To this question, first Socrates says that he should not revenge injustice. Because doing injustice is bad in any circumstances (Crito 49b), to return injustice just because of having injustice done onto himself would bad also (Crito 49c). Therefore Socrates should not commit injustice just to get even with Athens. Injustice is bad because it harms, and disobedience to the law would harm the city (Crito 50b); so it seems that to disobey the law would be an injustice. But why should Socrates obey the law of the city? Socrates reasons that since the city has done him great benefactions, such as giving birth to his life, taking care of his physical upbringing and his education, and granting him long years of benefits from the legal system (Crito 50e - 51c), Socrates owns the state a strong duty of gratitude just as a child would own to his father. One of those duties is to obey the state (like how a child obeys his parents), which always has included the possibility of death such as in times of war (Crito 51b). Socrates should obey the city because he has made an agreement to do so. This agreement is the social contract that he has implicitly accepted and lived under for 70 years. This contract is legitimate because Socrates had a thorough understanding of the legal system (Crito 51e - 52a), he did not leave the city when he was given the fair chance all his life (Crito 51 c-e), and that he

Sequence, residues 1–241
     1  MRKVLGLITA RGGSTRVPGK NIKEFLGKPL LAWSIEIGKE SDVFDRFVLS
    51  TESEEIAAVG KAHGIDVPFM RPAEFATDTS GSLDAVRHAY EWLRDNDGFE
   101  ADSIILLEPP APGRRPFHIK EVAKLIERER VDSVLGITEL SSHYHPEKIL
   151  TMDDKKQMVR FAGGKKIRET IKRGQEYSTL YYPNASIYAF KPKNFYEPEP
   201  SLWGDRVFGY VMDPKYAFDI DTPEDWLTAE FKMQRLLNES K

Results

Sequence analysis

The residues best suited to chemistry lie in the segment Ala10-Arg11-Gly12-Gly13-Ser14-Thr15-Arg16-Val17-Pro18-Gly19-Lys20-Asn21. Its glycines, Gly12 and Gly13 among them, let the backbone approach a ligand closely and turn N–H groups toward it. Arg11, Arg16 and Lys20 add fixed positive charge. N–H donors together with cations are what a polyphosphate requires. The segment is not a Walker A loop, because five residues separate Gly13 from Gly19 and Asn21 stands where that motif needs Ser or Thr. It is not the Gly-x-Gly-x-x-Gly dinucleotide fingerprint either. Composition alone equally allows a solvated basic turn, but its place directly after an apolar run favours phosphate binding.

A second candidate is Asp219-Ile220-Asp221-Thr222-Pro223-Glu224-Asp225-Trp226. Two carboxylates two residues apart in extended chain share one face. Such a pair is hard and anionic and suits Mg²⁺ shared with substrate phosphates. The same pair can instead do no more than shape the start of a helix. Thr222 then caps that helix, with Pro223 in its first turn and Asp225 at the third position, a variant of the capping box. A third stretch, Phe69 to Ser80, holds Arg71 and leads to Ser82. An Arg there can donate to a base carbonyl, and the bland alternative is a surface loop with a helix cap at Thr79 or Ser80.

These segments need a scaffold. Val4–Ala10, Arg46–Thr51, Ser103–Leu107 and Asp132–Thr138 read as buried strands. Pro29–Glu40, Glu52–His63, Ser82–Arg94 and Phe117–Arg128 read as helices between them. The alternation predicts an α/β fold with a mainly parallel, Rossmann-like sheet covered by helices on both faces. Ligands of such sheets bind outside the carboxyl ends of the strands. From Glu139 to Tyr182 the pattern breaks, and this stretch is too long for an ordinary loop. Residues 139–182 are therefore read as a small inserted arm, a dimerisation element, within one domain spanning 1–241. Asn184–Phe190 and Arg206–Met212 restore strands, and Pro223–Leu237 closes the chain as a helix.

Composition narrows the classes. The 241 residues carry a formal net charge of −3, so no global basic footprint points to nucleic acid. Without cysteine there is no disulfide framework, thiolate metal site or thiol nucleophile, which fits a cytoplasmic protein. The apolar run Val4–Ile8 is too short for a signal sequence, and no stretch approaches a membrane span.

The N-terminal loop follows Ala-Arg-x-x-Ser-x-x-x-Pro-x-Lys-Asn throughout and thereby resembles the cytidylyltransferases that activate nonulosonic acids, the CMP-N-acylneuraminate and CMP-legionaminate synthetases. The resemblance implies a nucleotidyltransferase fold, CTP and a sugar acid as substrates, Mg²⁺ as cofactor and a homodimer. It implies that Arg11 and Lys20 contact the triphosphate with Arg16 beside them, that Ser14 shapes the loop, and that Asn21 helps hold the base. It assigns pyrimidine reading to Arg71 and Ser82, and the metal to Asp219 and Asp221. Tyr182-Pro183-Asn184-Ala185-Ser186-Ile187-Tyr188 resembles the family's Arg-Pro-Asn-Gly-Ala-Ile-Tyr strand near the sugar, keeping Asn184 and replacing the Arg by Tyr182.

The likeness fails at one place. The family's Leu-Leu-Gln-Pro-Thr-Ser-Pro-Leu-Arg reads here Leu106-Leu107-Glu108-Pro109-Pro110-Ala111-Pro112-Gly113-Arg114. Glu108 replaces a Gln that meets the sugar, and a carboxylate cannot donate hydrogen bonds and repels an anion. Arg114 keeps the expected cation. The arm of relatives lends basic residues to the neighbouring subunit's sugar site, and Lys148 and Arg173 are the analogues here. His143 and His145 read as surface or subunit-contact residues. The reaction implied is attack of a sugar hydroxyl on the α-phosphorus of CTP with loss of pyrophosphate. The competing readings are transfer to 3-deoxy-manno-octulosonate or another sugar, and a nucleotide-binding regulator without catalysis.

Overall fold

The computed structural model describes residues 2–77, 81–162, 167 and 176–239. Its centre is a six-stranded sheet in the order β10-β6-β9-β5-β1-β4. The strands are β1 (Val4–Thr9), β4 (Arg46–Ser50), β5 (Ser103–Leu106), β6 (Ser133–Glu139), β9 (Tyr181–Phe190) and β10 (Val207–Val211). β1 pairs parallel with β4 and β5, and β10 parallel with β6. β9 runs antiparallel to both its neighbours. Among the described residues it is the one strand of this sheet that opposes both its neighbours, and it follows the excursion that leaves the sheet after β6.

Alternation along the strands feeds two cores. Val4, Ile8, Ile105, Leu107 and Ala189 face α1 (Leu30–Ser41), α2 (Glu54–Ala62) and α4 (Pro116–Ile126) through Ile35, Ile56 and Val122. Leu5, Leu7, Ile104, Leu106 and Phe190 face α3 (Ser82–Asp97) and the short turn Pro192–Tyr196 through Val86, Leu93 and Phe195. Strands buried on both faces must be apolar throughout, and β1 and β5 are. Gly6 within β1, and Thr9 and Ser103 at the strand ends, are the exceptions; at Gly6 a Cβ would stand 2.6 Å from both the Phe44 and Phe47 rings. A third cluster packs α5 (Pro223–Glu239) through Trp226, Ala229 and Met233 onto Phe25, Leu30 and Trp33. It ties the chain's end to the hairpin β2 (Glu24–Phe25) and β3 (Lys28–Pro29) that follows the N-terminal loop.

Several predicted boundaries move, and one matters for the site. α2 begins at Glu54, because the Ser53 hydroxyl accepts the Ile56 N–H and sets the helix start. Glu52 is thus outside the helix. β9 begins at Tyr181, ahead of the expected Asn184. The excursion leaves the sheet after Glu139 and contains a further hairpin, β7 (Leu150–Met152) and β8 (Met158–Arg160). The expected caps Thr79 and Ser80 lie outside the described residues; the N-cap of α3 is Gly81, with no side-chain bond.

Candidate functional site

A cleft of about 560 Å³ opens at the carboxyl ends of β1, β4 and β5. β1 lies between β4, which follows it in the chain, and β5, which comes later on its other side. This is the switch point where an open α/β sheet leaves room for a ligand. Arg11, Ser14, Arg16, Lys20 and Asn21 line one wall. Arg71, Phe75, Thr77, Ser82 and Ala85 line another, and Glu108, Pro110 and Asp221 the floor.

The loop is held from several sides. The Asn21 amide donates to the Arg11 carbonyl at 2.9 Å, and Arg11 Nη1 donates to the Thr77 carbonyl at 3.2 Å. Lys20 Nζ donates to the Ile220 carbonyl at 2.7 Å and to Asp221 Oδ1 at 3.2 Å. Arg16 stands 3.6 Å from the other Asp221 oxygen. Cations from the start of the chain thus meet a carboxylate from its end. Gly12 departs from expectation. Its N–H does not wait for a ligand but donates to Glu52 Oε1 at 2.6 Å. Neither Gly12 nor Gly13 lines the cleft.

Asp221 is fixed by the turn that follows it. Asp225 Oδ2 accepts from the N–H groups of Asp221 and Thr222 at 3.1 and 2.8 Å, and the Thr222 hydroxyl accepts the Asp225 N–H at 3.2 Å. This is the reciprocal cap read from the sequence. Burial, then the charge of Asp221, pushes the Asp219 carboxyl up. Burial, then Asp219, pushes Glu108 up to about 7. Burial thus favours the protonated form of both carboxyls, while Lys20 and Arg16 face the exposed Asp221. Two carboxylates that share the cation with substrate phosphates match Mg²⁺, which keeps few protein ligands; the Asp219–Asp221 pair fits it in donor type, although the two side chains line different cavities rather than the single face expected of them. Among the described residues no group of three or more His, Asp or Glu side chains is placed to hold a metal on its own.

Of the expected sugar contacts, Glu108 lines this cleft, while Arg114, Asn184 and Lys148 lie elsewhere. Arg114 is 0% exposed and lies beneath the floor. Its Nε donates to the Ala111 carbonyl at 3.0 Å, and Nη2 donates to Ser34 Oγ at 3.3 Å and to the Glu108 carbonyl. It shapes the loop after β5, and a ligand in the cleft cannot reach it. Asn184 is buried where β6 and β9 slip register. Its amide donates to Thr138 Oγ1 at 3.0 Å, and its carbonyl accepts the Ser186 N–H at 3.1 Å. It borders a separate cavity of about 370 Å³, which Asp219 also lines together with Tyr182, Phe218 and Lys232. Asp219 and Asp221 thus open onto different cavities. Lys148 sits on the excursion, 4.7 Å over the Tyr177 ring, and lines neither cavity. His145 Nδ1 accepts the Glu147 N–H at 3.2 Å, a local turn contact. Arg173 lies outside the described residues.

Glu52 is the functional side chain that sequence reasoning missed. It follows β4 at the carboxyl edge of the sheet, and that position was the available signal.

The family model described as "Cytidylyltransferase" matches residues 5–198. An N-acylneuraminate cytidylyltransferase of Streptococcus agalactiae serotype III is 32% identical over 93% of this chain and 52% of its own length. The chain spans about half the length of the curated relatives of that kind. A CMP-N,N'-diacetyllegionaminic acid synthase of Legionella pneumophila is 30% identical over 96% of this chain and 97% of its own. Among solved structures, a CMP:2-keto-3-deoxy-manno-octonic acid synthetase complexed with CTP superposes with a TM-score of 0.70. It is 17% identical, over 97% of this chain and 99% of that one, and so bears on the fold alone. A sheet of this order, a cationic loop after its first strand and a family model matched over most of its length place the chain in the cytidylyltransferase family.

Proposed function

The Crito and the Republic were both works of Plato. Plato’s works were divided into early, middle and late dialogues. The Crito falls into the category of the formal while the Republic falls into the category of the latter. In his early dialogues, Plato was influenced by Socratic philosophy but as he ages, he starts to develop his distinct and independent philosophy. Justice is the fundamental concept that will be discussed in this paper. The scope of discussion will mainly revolve around the Crito, the Apology and the Republic. In Socrates’ submission and acceptance of his sentence lies the implication that Socrates agrees with democracy as a political system. Plato, on the other hand,